Connecticut’s economy continues to be in deep trouble. While unemployment is technically down, the way the economy is changing means lower income tax revenue for the state of Connecticut.
Some Connecticut residents have simply given up looking for work. Others have taken jobs that pay well below what they used to earn and still other are working in part-time consulting work as opposed to full-time jobs.
Together these changes mean Connecticut’s tax picture is in deep trouble.
As Keith Phaneuf of the CT Mirror explained today;
Plummeting state income tax collections are experiencing their worst decline since the last recession, falling $450 million below anticipated levels for April.
The impact of this decline in revenue not only means Connecticut will face a budget deficit this year, but the revenue shortfall for the next two years will be much more severe than previously estimated. The 3.6 billion deficit projected over the next biannual budget will grow by $500 million next year and $600 million the year after.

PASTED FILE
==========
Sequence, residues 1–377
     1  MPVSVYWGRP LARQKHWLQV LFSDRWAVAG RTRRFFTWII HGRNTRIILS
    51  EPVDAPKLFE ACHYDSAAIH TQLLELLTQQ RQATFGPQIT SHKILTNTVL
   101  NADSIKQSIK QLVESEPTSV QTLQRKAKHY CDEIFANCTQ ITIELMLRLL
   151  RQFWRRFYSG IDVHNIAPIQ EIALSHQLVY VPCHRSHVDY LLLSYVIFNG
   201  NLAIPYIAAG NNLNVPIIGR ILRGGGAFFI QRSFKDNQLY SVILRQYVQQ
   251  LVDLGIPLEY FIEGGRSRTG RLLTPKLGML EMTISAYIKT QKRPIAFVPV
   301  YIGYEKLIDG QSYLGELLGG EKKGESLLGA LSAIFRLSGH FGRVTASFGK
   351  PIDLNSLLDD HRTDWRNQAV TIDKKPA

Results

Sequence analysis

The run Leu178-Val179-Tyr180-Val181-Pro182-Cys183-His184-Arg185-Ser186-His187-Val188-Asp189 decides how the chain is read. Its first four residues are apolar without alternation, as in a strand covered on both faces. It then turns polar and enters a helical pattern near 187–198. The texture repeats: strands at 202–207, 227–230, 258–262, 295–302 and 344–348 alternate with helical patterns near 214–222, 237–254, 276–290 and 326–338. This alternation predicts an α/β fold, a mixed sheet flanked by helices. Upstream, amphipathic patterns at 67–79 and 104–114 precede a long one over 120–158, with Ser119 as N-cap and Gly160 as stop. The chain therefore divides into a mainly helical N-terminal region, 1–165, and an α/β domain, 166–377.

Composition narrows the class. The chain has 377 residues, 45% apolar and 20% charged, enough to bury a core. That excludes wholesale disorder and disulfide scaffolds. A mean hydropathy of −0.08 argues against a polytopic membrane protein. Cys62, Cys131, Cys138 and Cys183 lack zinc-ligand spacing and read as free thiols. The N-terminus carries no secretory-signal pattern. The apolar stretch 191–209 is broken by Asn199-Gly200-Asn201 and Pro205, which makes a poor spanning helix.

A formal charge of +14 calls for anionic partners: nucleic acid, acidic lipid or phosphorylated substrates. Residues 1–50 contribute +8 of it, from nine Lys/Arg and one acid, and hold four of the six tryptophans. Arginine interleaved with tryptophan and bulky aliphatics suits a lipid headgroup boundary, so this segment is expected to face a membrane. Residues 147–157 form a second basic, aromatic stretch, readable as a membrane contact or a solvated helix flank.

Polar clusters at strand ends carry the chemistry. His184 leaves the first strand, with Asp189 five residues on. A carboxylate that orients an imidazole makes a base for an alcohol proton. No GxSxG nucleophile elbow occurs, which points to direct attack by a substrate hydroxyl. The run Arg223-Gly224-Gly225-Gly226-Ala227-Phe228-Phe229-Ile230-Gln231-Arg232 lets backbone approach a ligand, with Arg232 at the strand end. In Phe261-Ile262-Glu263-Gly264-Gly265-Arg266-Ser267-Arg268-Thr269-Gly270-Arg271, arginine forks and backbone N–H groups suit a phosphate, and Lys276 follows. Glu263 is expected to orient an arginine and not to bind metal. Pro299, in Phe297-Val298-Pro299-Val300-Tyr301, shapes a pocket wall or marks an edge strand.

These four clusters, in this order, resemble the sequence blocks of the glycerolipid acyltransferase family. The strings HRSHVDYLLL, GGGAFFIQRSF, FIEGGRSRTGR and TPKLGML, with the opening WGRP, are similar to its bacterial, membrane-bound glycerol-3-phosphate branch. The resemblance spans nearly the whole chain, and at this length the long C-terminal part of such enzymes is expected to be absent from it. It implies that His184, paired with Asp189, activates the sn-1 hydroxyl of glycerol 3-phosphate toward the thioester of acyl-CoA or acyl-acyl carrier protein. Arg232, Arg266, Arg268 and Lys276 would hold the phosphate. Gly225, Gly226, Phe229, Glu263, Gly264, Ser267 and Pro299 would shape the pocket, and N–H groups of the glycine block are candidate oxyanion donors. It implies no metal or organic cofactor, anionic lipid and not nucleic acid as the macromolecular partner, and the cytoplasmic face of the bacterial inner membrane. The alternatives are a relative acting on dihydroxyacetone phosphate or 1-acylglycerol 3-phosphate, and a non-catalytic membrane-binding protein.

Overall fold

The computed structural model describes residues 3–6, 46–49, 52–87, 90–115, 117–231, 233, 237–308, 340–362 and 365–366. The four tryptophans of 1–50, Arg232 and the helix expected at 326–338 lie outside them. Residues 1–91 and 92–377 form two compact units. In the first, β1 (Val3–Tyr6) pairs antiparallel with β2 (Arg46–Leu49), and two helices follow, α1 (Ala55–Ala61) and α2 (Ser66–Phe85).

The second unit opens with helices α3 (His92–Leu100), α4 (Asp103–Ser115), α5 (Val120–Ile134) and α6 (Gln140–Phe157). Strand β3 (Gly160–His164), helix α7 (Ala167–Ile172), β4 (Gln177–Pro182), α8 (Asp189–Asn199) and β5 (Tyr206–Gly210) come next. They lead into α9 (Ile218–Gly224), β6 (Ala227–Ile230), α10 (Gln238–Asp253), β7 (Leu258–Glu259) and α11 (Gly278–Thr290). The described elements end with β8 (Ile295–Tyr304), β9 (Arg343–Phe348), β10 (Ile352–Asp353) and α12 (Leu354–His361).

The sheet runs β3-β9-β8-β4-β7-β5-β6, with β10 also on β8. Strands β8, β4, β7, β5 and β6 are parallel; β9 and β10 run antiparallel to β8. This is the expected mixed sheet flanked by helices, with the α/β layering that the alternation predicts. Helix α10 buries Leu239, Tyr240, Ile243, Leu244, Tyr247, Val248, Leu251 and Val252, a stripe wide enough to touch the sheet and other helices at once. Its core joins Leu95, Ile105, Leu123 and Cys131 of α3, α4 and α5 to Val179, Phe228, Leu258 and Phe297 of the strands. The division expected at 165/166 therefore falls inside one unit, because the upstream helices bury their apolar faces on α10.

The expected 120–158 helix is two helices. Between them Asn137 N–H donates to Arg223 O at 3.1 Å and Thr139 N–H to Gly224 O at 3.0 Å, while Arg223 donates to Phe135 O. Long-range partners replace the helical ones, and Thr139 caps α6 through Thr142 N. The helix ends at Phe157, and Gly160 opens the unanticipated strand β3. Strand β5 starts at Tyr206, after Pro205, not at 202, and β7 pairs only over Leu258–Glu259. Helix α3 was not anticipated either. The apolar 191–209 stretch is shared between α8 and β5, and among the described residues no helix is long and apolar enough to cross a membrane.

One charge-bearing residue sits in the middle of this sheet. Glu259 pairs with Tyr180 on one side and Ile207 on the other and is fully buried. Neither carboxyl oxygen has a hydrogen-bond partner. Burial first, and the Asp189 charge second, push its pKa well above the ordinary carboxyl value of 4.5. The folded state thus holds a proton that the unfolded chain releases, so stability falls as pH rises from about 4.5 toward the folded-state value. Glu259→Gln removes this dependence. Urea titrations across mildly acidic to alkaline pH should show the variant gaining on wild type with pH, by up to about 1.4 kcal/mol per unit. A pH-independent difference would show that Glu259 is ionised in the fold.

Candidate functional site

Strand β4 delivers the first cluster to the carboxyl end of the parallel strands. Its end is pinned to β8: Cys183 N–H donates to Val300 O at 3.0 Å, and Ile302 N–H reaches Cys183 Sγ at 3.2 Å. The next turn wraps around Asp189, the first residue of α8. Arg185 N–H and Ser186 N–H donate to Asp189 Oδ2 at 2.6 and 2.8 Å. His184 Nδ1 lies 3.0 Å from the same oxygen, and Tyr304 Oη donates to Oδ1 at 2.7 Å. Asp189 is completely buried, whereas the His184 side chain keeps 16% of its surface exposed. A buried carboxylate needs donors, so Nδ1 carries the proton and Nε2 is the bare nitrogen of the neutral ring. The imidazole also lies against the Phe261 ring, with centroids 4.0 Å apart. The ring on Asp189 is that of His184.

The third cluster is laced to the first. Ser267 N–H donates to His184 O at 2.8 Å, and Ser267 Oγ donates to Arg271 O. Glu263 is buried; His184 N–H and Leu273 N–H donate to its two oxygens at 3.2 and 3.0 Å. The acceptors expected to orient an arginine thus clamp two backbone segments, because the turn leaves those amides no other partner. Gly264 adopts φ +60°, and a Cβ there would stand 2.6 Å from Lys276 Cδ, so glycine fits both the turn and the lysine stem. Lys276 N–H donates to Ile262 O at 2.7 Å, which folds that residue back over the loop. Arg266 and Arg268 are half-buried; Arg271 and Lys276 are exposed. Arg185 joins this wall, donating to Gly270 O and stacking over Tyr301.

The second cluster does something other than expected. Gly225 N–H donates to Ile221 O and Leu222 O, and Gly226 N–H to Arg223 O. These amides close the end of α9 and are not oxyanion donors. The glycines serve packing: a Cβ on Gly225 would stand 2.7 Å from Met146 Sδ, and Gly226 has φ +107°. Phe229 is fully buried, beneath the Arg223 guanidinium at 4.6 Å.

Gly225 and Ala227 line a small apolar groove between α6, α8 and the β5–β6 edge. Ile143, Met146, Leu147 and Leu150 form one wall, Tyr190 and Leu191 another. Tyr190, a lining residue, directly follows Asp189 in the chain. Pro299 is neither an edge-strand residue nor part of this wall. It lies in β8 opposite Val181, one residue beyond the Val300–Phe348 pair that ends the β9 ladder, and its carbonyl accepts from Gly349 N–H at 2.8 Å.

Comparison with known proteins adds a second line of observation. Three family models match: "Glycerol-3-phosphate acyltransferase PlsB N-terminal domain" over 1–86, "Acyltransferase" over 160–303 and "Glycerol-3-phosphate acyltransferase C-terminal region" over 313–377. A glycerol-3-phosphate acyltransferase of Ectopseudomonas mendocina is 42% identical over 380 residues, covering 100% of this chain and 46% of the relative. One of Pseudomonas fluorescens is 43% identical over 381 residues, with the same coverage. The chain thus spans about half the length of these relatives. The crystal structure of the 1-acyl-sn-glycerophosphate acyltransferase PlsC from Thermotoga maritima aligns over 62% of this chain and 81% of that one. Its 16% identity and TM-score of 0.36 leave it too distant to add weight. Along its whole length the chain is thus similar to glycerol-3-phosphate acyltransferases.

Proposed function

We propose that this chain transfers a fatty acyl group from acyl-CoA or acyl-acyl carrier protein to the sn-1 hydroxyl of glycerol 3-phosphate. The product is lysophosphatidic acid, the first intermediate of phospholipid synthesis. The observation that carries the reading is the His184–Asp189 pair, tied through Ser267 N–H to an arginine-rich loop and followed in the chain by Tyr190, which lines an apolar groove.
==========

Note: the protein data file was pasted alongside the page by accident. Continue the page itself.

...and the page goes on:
The state will now be facing a $4.5 billion gap between projected revenue and projected expenses.
As CT Mirror wrote, the new numbers mean that the state will probably
Close its third successive fiscal year in deficit;
And deplete its $235.6 million emergency budget reserve.
It increases the risk that state government might have to borrow to cover operating costs for the first time in eight years — even though it still hasn’t paid off nearly $1 billion in operating debt from the last recession.
Read more about this breaking story at: CT tax revenue in free fall, adding $1.1B in red ink for next 2 years